People v. Torres: Transporting and Possessing Alcohol in Prison are Two Separate Criminal Acts

Aug 30, 2011

In People v. Torres, the Second Appellate District determined the acts of bringing alcohol into a jail facility and possessing alcohol in a jail facility are two separate punishable crimes that each have its own objective.

Alfonso Torres and Adan Barajas were two inmates at a minimum security prison fire camp who snuck alcohol into the facility with the help from a civilian. A correctional officer saw a car drive onto the facility making a stop at a trash can. The driver got out of the car and placed two trash bags in the trash can. The civilian quickly drove off while honking several times. Moments later, Torres and Barajas ran to the trash can, picked up the trash bags, and ran back to a nearby building.

To prove that Torres and Barajas “knowingly” brought alcohol onto the jail’s facility, the court explained several circumstances that showed they were fully aware of the crime they committed. A civilian cooperated with the defendants to successfully transport the contraband onto the jail’s facility. The trash can was a predetermined location for the civilian to inconspicuously drop off the items using trash bags. Upon driving off the premises, the civilian honked, issuing a signal to the defendants to grab the trash bags before a garbage man or a correctional officer could get a hold of it. Moreover, Barajas was heard saying “Which one is mine”, showing that he already knew what the bag contained.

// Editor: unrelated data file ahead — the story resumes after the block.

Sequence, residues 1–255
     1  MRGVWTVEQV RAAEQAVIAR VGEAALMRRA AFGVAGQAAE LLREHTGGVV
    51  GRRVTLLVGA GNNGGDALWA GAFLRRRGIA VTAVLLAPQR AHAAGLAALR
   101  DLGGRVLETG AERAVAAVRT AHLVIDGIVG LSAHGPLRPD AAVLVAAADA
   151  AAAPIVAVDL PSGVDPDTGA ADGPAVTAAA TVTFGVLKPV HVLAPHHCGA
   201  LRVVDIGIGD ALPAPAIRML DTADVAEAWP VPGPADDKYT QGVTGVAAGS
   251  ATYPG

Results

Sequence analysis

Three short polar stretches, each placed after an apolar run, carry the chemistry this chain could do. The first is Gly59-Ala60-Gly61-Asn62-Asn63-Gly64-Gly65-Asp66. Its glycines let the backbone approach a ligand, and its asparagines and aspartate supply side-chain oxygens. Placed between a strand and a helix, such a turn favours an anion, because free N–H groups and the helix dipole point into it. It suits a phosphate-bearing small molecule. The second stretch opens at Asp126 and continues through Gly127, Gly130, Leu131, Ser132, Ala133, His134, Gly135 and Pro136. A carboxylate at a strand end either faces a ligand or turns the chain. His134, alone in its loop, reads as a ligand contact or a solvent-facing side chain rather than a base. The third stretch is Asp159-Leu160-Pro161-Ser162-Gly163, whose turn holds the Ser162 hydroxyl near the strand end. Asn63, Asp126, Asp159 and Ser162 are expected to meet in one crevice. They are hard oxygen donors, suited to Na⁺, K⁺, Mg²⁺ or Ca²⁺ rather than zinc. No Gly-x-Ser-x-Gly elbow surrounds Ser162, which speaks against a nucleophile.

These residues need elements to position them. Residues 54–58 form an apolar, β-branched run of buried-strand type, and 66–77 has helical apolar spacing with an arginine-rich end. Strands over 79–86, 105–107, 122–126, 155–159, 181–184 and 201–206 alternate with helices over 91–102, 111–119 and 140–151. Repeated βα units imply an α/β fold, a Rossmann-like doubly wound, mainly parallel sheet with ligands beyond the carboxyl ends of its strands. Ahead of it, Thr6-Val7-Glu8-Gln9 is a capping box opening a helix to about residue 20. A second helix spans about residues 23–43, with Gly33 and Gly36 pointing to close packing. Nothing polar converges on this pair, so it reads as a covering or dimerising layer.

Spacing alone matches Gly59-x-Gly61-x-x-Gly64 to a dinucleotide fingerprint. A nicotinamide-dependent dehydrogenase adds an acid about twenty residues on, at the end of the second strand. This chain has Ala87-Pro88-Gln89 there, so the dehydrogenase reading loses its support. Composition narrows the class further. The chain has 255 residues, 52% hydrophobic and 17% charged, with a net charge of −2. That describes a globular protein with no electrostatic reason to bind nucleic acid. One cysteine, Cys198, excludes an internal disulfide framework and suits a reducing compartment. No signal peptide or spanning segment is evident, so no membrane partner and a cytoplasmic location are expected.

Although Torres argued that Penal Code §654 “precludes that no act or omission be punished under more than one provision”, the court explained that there were two separate objectives that distinguish two crimes had occurred. The first crime was completed when the alcohol was transported onto the prison camp. The objective shifted to possession when Torres and Barajas took the trash bags.

The Second Appellate District affirmed judgment on Torres and Barajas’s convictions, holding that there were two crimes that were committed and sentencing them for each crime.

-California Court of Appeals, 2nd Appellate District, 2nd Div., August 15, 2011; B226903